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Understanding Accessible Parking

By Team Quantum
Thursday, April 4th, 2019

If you have a disability that makes walking long distances difficult or impossible, you might consider applying for an accessible parking permit. This is a tag that you hang from your rearview mirror identifying you as someone who has obtained the necessary permission from the state to park in spaces designated for individuals with disabilities. Whether you use a manual wheelchair, power wheelchair, a walker, crutches, or no mobility aid, the ability to park closer to stores, restaurants, and other public places can help make things easier for you when living with a disability.

How to Obtain an Accessible Parking Permit

When you originally begin the process of learning how to apply for accessible parking, you might search using the terms accessible parking. The appropriate terminology is accessible parking and each state has its own regulations on what people must do to receive this special permit for their vehicle. The first thing you should do is go to the website of the Department of Motor Vehicles (DMV) for your state or visit it in person and apply for a permit.

You do not necessarily need to use an electric wheelchair, motorized wheelchair, or have permanent limited mobility to apply for and receive a parking permit. The application for each state will ask you to list your disability and have your doctor confirm it with his or her signature.

Most states give you the option to apply for a temporary pass for a specific number of years or a permanent pass for a condition you know you will have for the rest of your life. A temporary parking pass can be ideal when you are using a manual wheelchair or power wheelchair while recovering from surgery or injury.

Etiquette All Drivers Should Follow Regarding Accessible Parking Spots

Once you obtain your special parking pass, you should not share it with a non-disabled friend or family member even one time. Not only is this unfair to people who legitimately need the space, it could subject both of you to fines and you may even lose the privilege of parking closer wherever you go. While you should always display your pass after you or your driver have parked, be sure not to drive with the tag hanging from your rearview mirror as this can obstruct your vision while driving.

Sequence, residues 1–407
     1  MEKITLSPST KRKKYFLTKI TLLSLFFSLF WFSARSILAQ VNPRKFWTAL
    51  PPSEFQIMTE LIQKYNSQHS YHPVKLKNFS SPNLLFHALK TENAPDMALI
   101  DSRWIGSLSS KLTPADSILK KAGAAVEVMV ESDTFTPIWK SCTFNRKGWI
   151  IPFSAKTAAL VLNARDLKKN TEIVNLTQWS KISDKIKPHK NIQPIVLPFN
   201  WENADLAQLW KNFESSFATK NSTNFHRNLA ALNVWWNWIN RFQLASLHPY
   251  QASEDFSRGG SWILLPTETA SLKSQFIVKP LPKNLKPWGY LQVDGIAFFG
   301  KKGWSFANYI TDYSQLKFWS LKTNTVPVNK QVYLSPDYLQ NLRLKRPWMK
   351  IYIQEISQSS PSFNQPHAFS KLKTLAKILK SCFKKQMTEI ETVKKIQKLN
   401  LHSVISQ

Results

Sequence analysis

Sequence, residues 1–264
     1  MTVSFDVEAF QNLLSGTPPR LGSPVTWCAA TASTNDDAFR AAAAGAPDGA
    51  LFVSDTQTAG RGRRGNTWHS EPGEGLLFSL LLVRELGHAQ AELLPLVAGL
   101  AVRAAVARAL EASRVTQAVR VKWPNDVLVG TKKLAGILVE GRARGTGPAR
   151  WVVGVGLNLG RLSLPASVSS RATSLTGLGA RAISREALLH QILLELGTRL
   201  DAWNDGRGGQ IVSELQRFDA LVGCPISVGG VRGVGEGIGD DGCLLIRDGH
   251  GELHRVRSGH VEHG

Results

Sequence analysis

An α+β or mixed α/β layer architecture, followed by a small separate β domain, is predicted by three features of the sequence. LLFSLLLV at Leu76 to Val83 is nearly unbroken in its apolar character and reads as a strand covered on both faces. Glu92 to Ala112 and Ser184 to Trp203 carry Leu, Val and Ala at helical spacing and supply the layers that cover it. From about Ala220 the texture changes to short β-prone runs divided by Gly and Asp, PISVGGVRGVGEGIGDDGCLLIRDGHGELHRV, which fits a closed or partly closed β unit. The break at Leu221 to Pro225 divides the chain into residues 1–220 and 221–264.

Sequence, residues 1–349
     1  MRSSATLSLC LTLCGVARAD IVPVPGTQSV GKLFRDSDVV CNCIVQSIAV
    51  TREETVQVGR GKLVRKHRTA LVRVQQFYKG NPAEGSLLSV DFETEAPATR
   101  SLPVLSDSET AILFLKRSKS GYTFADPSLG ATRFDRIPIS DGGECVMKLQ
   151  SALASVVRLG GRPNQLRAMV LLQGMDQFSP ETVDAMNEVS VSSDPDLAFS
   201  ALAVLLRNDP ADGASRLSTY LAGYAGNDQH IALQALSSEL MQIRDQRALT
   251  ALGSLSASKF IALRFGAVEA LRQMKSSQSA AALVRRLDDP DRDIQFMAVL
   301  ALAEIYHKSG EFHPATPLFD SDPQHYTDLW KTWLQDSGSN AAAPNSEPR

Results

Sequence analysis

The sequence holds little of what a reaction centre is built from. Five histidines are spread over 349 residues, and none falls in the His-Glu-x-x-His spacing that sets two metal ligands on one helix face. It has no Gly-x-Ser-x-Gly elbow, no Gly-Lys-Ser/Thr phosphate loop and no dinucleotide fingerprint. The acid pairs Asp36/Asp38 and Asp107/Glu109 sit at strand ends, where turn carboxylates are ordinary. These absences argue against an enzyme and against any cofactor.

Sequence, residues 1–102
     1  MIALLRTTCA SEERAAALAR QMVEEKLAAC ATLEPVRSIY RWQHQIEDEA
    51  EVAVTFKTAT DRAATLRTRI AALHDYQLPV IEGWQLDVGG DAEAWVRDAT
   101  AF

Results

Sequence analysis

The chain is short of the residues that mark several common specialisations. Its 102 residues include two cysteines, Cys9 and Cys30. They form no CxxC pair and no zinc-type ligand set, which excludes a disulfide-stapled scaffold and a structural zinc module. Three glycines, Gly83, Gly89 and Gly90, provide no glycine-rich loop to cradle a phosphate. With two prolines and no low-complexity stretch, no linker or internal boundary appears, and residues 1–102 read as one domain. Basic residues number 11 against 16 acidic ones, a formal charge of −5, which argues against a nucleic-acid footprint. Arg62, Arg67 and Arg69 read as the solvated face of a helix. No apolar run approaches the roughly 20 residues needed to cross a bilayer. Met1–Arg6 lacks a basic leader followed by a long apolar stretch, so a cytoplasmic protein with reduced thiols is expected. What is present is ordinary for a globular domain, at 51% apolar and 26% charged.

If you do not use a manual wheelchair or power wheelchair, be sure to leave these reserved parking spots available for people who do. These spots are much larger than the traditional space reserved for accessible parking spots. This is necessary to give the person in the electric wheelchair, motorized wheelchair, or manual wheelchair room to get out the vehicle and lower the wheelchair ramp.

Accessible parking for wheelchair users are eight feet wide, while typical spots are only five feet wide. The extra space in a wheelchair-accessible accessible parking spot is called access space. If someone parks his or her car even slightly over the lines of the space, the person in the manual wheelchair or power wheelchair may not be able to get back into his or her car when they return to their parking space. That is because the other car has made it impossible by taking up the space necessary for power wheelchair users to get back into their car via a wheelchair ramp.

Finally, be sure to pay attention to expiration dates on your accessible parking permit. Although you cannot use the pass after that date, you can apply for another one or consider applying for a permanent pass.

Quantum

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